a helically coiled conductor electrically coupled to the electrode, the helically coiled conductor including a plurality of turns helically wound around a longitudinal axis of the conductor, wherein the helically coiled conductor consists of one filar; and
a polymer sheath formed over the helically coiled conductor.
2. The medical device lead of claim 1, wherein the helically coiled conductor has a coil pitch and an outer diameter, wherein the filar has a filar diameter, and wherein the coil pitch is one to about two times the filar diameter and the outer diameter is at least 4.5 times the coil pitch.
3. The medical device lead of claim 1, wherein the polymer sheath is partially ablated in a pattern along a length of the polymer sheath to increase the flexibility of the conductor assembly around the partial ablation.
4. The medical device lead of claim 1, wherein the helically coiled conductor is adapted to promote adhesion with the polymer sheath.
5. The medical device lead of claim 3, wherein the helically coiled conductor is coated in a material that promotes adhesion between the polymer sheath and the helically coiled conductor.
6. The medical device lead of claim 3, wherein a surface of the helically coiled conductor is etched to promote adhesion with the polymer sheath.
7. The medical device lead of claim 1, wherein the polymer sheath is comprised of a material selected from the group consisting of expanded polytetrafluoroethylene (ePTFE), layered ePTFE, polytetrafluoroethylene (PTFE), ethylene/tetrafluoroethylene copolymer (ETFE), fluorinated ethylene propylene (FEP), silicone, polyurethane, silicone-polyurethane copolymer, and a porous polymer.
8. The medical device lead of claim 1, wherein a thickness of the polymer sheath is less than about 0.002 inch (0.051 mm).
9. A medical device lead comprising:
an electrode;
a helically coiled conductor electrically coupled to the electrode, the helically coiled conductor including a plurality of turns helically wound around a longitudinal axis of the conductor assembly, the helically coiled conductor having a coil pitch and an outer diameter and consisting of one filar having a filar diameter, wherein the coil pitch and outer diameter are selected based on the filar diameter to minimize heating of the helically coiled conductor in the presence of an MRI field; and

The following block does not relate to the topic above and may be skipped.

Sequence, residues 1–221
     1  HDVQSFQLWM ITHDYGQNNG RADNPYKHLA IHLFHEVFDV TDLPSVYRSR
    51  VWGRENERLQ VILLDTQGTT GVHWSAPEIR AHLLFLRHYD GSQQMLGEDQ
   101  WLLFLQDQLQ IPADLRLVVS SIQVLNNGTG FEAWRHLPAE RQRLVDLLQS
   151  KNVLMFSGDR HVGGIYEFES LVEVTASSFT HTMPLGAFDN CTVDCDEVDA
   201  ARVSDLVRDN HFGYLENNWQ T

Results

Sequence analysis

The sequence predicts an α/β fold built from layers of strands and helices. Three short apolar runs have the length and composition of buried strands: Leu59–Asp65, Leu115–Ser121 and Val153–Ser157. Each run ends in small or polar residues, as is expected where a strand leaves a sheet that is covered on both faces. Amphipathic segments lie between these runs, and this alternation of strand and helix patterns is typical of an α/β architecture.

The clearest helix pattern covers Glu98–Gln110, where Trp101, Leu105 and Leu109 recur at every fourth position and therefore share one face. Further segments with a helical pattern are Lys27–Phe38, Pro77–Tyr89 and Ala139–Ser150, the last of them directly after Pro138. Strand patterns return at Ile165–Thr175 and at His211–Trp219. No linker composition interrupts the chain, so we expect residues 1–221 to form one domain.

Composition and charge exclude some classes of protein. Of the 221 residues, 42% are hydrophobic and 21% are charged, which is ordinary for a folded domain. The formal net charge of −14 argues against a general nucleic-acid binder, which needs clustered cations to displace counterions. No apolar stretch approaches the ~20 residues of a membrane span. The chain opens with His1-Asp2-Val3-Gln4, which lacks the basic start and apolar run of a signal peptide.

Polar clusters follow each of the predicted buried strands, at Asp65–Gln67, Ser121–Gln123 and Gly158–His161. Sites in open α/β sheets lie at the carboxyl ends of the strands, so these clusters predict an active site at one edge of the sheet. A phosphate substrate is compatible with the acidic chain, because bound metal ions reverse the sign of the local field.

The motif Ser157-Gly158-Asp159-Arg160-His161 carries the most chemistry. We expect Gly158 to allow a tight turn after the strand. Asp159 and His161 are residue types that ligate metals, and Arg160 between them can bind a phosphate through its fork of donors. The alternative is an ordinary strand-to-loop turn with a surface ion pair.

a polymer sheath formed over the helically coiled conductor.
10. The medical device lead of claim 9, wherein the coil pitch is one to about two times the filar diameter.
11. The medical device lead of claim 9, wherein the outer diameter is at least 4.5 times the coil pitch.
12. The medical device lead of claim 9, wherein the polymer sheath is partially ablated in a pattern along a length of the polymer sheath such that a thickness of the polymer sheath along the partially ablated pattern is less than a thickness of non-ablated portions of the polymer sheath.
13. The medical device lead of claim 9, wherein the helically coiled conductor is adapted to promote adhesion with the polymer sheath.
14. The medical device lead of claim 13, wherein the helically coiled conductor is coated in a material that promotes adhesion between the polymer sheath and the helically coiled conductor.
15. The medical device lead of claim 13, wherein a surface of the helically coiled conductor is etched to promote adhesion with the polymer sheath.
16. The medical device lead of claim 9, wherein the polymer sheath is comprised of a material selected from the group consisting of expanded polytetrafluoroethylene (ePTFE), layered ePTFE, polytetrafluoroethylene (PTFE), ethylene/tetrafluoroethylene copolymer (ETFE), fluorinated ethylene propylene (FEP), silicone, polyurethane, silicone-polyurethane copolymer, and a porous polymer.